Nature On the Wing: Lee Metcalf National Wildlife Refuge


Waterfowl hunters are used to buying a federal Duck Stamp in order to pursue their passion but all wildlife lovers benefit from the money collected.

Senator Lee Metcalf, who grew up in Stevensville, Mont., was instrumental in getting federal Duck Stamp money in 1964 to buy up 2,800 acres, creating the Ravalli National Wildlife Refuge. In recognition of Metcalf, who was always committed to conservation, the refuge was renamed The Lee Metcalf NWR in his honor in 1979.

Authorized primarily for the management of migratory birds, especially waterfowl who use both the many impoundments on the refuge as well as the wetlands surrounding the Bitterroot River, the refuge today allows limited hunting, wildlife viewing, fishing, environmental education, wildlife interpretation, and photography.

Refuge manager Tom Reed said fishing is excellent on the southwest corner of the refuge where the Bitterroot River borders the property and where Burnt Fork Creek joins the larger water.


Several well-marked trails meander through the refuge. Most of the trails are relatively flat, suitable for all ages of visitors, and some along the river are paved and accessible by wheelchair as well.

Reed said early morning before 10 a.m. and just before sunset are good times to observe migratory and resident birds. This is not a refuge where you will find huge herds of elk or other iconic Montana wildlife, but the refuge is unique for the wide variety of smaller species present.

“The fact that there is a rich diversity of habitats in such close proximity to one another allows visitors to experience an array of native wildlife in a relatively small area.”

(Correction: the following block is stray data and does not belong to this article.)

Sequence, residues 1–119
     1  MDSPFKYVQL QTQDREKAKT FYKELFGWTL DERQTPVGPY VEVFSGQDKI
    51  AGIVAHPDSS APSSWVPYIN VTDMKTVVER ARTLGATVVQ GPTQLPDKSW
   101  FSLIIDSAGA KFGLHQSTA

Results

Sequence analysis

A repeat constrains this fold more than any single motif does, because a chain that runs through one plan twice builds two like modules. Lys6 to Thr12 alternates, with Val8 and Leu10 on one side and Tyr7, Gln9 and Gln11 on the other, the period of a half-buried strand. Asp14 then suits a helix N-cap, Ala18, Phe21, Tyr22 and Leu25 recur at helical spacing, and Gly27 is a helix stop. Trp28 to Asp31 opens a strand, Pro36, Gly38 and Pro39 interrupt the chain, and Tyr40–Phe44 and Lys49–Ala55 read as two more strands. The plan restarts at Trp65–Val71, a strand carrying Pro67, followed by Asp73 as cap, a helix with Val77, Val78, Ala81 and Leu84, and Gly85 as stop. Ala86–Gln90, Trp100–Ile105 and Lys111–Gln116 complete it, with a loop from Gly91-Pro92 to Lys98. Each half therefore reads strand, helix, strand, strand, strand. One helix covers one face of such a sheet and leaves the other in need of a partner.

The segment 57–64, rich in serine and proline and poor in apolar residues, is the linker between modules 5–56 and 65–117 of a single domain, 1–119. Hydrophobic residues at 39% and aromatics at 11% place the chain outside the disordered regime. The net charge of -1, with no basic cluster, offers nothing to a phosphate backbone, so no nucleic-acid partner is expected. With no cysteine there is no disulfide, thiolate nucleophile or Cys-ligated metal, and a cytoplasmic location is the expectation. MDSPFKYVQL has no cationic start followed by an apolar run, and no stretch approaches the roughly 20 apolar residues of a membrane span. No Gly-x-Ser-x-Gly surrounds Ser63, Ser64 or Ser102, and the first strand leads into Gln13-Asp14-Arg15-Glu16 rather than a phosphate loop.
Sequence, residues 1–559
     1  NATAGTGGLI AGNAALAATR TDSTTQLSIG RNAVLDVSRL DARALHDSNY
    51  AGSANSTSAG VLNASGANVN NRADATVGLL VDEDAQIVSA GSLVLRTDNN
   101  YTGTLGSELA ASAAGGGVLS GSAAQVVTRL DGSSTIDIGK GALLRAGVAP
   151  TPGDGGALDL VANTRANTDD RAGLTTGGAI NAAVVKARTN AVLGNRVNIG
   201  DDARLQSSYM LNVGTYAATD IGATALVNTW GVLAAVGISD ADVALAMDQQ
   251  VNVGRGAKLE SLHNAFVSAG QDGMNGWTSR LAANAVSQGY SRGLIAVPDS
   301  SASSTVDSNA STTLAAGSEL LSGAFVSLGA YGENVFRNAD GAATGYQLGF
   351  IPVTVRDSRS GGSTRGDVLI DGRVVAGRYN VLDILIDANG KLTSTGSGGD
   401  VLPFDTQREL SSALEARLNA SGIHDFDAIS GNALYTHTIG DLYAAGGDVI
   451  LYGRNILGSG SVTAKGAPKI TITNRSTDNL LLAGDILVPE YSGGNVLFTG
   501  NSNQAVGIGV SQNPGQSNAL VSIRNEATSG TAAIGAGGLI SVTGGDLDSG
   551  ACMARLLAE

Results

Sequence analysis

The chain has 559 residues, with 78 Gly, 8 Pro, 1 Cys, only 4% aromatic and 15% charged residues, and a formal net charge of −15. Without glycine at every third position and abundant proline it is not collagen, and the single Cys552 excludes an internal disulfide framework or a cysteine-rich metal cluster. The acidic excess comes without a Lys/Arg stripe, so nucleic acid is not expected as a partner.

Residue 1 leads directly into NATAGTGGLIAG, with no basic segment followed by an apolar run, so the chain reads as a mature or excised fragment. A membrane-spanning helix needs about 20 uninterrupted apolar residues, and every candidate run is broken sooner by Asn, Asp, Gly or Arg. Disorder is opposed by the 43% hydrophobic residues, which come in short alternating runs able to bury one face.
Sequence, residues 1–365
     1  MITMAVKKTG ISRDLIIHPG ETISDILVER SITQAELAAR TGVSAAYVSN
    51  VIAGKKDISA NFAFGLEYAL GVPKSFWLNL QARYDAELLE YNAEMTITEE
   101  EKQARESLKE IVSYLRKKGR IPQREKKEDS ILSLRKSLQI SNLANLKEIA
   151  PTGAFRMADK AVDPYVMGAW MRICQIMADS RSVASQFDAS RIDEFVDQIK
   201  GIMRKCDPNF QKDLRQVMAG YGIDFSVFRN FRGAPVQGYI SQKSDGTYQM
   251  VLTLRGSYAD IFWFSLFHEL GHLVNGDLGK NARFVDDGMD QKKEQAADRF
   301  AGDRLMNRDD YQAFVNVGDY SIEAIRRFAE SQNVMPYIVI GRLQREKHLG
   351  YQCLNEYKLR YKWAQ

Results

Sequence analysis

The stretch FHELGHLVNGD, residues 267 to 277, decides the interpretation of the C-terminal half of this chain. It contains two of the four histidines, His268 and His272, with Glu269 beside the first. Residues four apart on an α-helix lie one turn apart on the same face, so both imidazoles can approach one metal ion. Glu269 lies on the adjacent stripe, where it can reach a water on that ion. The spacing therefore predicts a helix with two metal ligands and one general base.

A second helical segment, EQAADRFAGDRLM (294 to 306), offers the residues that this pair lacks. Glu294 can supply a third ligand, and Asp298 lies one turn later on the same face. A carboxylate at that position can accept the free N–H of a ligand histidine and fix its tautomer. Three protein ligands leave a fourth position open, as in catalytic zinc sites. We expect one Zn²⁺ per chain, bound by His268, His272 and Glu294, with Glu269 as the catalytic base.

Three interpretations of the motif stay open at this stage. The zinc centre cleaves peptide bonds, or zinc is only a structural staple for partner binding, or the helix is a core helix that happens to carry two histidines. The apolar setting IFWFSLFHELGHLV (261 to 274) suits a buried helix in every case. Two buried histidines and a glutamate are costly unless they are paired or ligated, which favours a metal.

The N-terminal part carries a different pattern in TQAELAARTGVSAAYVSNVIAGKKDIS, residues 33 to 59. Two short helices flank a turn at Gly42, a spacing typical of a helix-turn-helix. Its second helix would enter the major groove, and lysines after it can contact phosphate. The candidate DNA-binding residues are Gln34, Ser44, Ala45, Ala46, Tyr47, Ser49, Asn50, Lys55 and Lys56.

Volunteers are the heartbeat of the Lee Metcalf NWR and there are ample opportunities for active seniors to get involved.

“We have over 40 volunteers,” said Reed. “One volunteer runs the entire Junior Duck Stamp Program for K-12 kids in the state of Montana right from here. We also host 8-14 Hunter Education classes throughout the year, and we have volunteers who lead bird walks.  In addition, we have several people who help us with weed treatment and give a hand maintaining equipment and buildings on the refuge.”

Anyone interested in volunteering in this serene setting can call the refuge headquarters at 406-777-5552.

“The lady who works in our visitor center is 93 years old,” shared Reed, “so volunteers of all ages are clearly welcome!”

Anyone traveling near the refuge this summer will be richly rewarded by stopping and spending several hours walking the trails leading from one diverse habitat to another.

“The backdrop of the Bitterroot Mountains is just exquisite here on the refuge,” Reed said. “It will lighten your spirits just be walking on the trails and enjoying the natural beauty of the various habitats.” MSN

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